Clean Energy Investment Hits Record High in 2010
Wednesday, 12 January 2011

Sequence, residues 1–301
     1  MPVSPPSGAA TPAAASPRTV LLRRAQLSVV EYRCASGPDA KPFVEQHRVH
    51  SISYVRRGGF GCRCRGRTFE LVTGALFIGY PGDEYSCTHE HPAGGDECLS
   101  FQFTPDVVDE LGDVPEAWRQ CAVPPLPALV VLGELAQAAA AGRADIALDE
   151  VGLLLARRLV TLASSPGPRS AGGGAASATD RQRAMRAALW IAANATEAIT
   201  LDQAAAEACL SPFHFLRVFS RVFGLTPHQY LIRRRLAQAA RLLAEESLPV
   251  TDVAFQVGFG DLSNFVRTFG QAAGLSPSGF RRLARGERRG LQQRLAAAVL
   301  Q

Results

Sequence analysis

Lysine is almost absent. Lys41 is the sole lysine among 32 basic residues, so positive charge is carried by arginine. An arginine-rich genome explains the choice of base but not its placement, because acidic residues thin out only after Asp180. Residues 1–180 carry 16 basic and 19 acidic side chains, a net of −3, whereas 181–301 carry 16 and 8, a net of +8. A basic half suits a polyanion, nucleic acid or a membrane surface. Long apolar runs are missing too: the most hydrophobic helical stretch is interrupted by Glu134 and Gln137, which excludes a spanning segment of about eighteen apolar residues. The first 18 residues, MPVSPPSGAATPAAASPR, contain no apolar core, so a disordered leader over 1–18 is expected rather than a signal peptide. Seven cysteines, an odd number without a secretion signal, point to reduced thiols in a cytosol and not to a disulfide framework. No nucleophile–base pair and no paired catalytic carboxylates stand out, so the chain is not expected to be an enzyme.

A record-breaking $243 billion was spent globally on clean energy investment in 2010, which represents a 30% increase from 2009 and double the amount spent in 2006, according to a Bloomberg New Energy Finance report released yesterday. Wind and solar power, as well as energy-smart technologies like electric vehicles and power storage, all saw a boost in investment dollars, which Michael Liebreich, chief executive of Bloomberg New Energy Finance, lauds as a huge achievement. “It flies in the face of scepticism about the clean energy sector among public market investors, who have been concerned about the sustainability of subsidy programs in Europe, the failure of the Obama administration to deliver a climate or an energy deal, and the crescendo of ill?informed doubts about climate change,” Liebreich said. China and Europe were the main drivers in last year’s clean energy push with investment in China up 30% to $51.1 billion, by far the largest figure for any country. Small-scale generation projects like rooftop solar panels surged by 91% in 2010 to $59.6 billion, largely in Germany but also in the U.S., Czech Republic, Italy and elsewhere. “We have been saying for some time that the world needs to reach a figure of $500 billion per annum investment in clean energy if we are to see carbon emissions peak by 2020,” Liebreich said. “What we are seeing in these figures for the first time is that we are half?way there, and it is very good news.” While this surge in clean energy investment is positive, Liebreich does point out that 2010’s growth was spurred by government intervention, particularly in China and Europe. He suggests that the industry needs to continue to drive down costs to reduce reliance on this type of support so that the global community can eventually thrive on these alternative energy solutions. Find out how you can hasten the transition to a clean energy future by learning more about Carbonfund.org’s renewable energy, energy efficiency and reforestation projects.